“The world’s battlefields have been in the heart chiefly; more heroism has been displayed in the household and the closet, than on the most memorable battlefields in history.” – Henry Ward Beecher Whether or not the statement by Henry Beecher is true, it is certainly well put when spoken in the context of martyr Sir Thomas More. This paper contrasts and classifies Sir Thomas More as a unique hero, when compared to society’s typical, Beowulf-Romeo style heroes. It is doubtful that Thomas More, as a grown man, was ever engaged in a physical confrontation of his choosing, and except for his faithful and loving wife, had any romantic escapades. Still, however, he is an undeniable hero of great stature.
Almost every hero from King Arthur to Spiderman is characterized with physical prowess, whether it is agility, strength, or skill in combat. Thomas More on the other hand, was none of the above. His strength was not in his arms, but in his mind, his wit was his agility, and his words were his sword. Thus More’s knowledge and moral self are the only things that distinguish him as a hero. More’s own opinion in fact, was valued so much, it was the reason of his death; he died because he stood by it. King Henry VIII who, unless with More’s blessing, could not divorce, and at the same time wed a new wife.
The King knew and respected More’s honesty on all matters. Though, because More disagreed with the issue, the King could not in his own mind justify his actions, without eliminating More as a problem, and seeing him as wrong. Sir Thomas More stood by what he knew was right in his heart, by that which made him a man, his own threads of morality; even when faced with the grief of his loved ones. Locked up in a cell, away from his wife and daughter, he was able to persevere and stand his ground, when all it took was a simple signing of his name to be with them again.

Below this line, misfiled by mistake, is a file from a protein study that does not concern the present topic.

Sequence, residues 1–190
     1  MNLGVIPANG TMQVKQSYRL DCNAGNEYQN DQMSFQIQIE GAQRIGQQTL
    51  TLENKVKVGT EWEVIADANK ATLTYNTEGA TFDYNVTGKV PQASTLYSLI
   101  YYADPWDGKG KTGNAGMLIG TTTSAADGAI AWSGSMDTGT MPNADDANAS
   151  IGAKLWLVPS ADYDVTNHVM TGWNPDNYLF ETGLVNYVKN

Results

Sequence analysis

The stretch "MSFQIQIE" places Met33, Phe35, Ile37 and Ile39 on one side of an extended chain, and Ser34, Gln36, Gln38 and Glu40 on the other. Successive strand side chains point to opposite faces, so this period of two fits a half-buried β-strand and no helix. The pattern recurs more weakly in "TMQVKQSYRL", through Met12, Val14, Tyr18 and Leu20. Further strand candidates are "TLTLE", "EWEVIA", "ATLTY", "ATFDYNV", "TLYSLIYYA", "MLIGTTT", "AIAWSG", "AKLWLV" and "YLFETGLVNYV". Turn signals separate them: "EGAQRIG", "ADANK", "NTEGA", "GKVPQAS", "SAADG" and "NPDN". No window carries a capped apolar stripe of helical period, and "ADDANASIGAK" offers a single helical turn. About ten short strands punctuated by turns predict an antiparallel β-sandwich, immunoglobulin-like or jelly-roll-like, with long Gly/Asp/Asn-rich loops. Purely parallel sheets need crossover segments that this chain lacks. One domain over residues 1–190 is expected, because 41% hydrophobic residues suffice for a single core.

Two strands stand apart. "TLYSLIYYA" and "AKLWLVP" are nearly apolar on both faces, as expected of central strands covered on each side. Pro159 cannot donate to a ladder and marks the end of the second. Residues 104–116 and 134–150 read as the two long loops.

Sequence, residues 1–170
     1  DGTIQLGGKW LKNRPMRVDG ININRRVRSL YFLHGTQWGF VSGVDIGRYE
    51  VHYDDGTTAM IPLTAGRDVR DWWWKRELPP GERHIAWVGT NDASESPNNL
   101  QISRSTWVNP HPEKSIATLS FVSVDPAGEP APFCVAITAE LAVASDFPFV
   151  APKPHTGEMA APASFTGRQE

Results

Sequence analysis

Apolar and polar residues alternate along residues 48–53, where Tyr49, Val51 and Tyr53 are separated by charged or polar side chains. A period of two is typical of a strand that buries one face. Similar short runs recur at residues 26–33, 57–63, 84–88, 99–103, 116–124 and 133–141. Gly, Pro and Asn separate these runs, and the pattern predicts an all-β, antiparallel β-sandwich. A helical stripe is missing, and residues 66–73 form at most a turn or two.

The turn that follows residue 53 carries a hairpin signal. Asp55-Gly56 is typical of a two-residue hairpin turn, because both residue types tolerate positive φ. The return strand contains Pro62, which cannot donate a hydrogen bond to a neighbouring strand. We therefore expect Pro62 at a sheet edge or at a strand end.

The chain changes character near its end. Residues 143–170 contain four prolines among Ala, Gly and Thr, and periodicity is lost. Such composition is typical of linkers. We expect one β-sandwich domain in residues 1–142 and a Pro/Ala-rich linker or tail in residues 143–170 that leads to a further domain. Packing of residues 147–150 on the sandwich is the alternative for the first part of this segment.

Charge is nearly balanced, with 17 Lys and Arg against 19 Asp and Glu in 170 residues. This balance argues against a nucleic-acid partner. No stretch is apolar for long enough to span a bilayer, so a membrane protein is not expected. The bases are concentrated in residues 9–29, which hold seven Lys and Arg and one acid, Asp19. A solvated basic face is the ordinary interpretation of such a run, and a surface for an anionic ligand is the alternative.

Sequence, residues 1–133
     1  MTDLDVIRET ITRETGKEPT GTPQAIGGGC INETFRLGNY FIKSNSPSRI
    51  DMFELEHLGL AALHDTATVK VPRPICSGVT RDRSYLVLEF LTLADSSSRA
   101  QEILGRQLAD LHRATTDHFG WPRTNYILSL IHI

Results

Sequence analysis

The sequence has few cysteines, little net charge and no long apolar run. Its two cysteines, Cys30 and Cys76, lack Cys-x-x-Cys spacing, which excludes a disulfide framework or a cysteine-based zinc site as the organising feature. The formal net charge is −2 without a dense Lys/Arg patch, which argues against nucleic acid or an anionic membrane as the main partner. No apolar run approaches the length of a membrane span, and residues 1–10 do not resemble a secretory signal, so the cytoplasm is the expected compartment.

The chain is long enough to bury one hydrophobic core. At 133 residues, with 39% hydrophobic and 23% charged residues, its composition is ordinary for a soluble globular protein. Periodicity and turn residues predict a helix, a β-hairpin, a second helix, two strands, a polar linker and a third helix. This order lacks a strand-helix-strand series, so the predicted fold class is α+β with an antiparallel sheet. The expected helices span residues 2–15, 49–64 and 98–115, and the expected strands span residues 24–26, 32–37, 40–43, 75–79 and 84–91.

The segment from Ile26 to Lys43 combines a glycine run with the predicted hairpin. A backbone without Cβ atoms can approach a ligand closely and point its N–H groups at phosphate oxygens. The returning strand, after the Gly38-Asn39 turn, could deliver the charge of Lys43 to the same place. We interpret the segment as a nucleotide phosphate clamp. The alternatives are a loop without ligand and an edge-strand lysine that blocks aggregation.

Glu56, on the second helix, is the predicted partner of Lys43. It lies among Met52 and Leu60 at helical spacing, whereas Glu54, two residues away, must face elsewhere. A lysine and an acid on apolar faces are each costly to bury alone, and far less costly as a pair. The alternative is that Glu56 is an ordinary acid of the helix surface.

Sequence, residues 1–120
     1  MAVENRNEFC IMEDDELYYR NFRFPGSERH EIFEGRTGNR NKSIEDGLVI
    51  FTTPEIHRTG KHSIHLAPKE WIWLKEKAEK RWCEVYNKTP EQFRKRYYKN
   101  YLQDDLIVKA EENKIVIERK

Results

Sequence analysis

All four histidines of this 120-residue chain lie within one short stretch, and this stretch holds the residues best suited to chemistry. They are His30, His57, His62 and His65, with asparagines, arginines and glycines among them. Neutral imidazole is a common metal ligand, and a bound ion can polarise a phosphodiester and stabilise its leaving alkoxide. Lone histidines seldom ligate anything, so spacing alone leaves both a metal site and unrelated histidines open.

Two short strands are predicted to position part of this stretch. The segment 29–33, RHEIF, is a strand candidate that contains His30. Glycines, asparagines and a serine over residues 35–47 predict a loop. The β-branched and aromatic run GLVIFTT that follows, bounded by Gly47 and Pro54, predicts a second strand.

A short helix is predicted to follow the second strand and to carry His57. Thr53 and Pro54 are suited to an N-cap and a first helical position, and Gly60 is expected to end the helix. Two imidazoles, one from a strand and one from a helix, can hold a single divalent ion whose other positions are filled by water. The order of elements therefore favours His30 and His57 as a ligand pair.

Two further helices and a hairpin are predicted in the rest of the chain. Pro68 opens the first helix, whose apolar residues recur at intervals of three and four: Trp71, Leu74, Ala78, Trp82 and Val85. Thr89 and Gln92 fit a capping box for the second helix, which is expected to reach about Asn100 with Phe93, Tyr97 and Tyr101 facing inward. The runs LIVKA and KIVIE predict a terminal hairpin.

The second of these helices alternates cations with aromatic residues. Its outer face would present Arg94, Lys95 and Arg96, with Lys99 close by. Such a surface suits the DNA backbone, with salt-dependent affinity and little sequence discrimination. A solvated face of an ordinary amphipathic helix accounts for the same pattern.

... against foreigners, portrayed in the play Sir Thomas More, possibly by Shakespeare. More accompanied the King and court to the Field of the ... and Tudor Polemics (1968) Reynolds E. E. Sir Thomas More (1965) Reynolds E. E. Thomas More and Erasmus. (1965) Reynolds E. E. The ... a patron to the poor. In 1511, More's first wife died in childbirth. More was soon married again, to Dame ...
This may seem an act of selfishness, but had he given in, all he had ever lived for, and everything he had ever believed in, would have been gone in that brief moment. More’s battle was not for his country, or for power, or some crusade, but for his own sanctity. It was for love and the good inherent in all people. His death did not mark the end of a traitor, but the birth of a legend, for his greater being lives on in the mind and hearts of people even today. He is a symbol of unyielding moral strength and courage, which no mortal person could destroy. Sir Thomas more is truly a unique hero..